Mondale Supports Strike Against North Korea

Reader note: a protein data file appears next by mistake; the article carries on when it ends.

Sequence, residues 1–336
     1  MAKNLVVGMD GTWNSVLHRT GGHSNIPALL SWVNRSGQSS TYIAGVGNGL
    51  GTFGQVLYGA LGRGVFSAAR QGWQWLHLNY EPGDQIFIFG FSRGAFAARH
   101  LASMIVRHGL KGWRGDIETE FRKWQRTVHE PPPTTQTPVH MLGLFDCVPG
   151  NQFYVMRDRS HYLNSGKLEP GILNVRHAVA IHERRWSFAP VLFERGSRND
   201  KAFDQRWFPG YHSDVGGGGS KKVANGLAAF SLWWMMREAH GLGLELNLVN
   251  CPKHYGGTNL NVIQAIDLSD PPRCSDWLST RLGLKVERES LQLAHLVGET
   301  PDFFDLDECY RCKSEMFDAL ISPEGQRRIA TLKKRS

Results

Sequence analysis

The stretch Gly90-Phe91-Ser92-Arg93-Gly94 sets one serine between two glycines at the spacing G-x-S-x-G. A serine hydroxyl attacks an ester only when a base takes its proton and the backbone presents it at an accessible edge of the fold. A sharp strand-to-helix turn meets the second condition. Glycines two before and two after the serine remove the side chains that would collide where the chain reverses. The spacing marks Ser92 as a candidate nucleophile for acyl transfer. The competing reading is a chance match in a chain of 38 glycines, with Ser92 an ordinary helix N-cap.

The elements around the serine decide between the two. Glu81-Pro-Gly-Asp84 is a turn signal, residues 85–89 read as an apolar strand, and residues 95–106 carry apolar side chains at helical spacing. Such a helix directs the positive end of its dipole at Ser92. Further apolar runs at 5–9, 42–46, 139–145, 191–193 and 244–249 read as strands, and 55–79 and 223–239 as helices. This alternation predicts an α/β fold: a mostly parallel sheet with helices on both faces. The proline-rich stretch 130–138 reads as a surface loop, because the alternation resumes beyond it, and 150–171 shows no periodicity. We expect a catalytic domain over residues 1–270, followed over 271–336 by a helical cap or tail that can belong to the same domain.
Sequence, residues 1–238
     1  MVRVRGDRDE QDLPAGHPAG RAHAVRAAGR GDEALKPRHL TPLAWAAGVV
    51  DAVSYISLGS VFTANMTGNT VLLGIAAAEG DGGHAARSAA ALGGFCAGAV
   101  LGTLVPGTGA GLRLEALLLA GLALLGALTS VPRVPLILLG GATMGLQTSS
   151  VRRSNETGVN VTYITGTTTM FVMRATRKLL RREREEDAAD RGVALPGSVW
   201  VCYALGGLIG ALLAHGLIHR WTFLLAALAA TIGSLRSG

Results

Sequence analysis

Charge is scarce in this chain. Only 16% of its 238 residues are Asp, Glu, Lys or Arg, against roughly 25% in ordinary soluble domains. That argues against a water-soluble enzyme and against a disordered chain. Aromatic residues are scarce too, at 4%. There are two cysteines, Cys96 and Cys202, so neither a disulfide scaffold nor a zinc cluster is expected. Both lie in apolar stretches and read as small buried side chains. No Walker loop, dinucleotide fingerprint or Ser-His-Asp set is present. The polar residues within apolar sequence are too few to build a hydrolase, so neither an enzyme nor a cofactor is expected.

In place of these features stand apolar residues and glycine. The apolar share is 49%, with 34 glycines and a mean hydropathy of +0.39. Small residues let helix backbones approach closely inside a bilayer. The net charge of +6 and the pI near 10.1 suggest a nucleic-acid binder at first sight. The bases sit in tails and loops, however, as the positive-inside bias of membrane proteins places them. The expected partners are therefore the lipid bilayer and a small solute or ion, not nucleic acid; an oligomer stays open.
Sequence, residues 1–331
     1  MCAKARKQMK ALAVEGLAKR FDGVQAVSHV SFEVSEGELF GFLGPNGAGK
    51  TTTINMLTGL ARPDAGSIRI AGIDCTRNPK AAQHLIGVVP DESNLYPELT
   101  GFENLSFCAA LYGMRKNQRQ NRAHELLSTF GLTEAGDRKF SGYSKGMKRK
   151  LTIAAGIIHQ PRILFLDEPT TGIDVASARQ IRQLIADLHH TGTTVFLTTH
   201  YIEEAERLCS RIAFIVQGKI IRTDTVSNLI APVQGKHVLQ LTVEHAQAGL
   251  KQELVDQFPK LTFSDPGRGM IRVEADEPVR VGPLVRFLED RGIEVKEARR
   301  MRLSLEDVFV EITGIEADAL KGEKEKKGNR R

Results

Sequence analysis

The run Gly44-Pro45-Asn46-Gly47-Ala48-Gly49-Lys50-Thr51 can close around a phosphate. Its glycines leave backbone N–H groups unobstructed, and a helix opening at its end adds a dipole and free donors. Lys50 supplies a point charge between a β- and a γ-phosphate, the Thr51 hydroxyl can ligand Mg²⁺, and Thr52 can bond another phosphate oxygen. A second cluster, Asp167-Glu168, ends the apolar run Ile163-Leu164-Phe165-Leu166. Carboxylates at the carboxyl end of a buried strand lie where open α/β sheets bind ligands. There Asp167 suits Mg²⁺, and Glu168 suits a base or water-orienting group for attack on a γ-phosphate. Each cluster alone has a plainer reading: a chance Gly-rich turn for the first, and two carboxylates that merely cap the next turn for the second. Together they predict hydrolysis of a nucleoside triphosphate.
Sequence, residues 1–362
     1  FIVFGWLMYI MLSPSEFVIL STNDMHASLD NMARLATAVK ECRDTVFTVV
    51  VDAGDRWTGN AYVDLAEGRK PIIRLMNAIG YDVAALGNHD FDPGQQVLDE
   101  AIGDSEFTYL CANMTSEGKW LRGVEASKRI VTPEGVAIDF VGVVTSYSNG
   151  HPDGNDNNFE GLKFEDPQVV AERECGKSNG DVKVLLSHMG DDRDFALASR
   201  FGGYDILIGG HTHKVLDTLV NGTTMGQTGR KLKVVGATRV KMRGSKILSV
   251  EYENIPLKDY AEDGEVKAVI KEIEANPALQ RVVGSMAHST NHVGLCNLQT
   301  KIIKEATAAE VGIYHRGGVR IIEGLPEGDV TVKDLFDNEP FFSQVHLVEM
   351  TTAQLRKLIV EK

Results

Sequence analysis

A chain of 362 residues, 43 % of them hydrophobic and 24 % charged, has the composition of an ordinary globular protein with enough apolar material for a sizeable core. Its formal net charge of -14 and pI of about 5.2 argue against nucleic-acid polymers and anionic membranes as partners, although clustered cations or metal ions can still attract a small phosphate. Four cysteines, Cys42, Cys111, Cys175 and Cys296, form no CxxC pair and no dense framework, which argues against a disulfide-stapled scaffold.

Former Vice President Walter Mondale joined the list of people supporting a pre-emptive U.S. strike against a North Korean missile. Mondale said that the United States should tell North Korea to dismantle the missile - and if it doesn't "we are going to take it out." He said the missile would be easy to hit and "I think it would end the nuclear long-range dreams of this dangerous country," said Mondale, who's also a former U.S. ambassador to Japan, in the interview. Mondale, 78, said North Korea already has nuclear weapons and its ambition to develop a long-range missile is "one of the most dangerous developments in recent history." It's so dangerous, he said, because of the nation's isolation from the international community and its unpredictable leader, Kim Jong Il."It is the danger of our time," he said. "Here's this bizarre, hermit kingdom over there with a paranoid leader getting ready to test a missile system that can hit us." The tensions are over North Korea's apparent preparations to test-fire a Taepodong-2 missile, which is believed to have a range of up to 9,300 miles. That would make it capable of hitting much of the U.S. mainland. Former President Clinton's defense secretary, William Perry, advocated such a pre-emptive strike in The Washington Post. But National Security Adviser Stephen Hadley brushed aside Perry's suggestion. Hadley said he hoped that North Korea would see the unanimously negative reaction from the international community to the test and return to the negotiating table.Mondale and President Jimmy Carter took office 1976 and were defeated by Republican Ronald Reagon in 1980. Mondale was the Democratic presidential nominee in 1984, and lost. President Clinton appointed him ambassador to Japan in 1993 and he served as Clinton's special envoy on the Asian financial crisis and economic reforms in Indonesia five years later. He's currently practicing law in Minneapolis.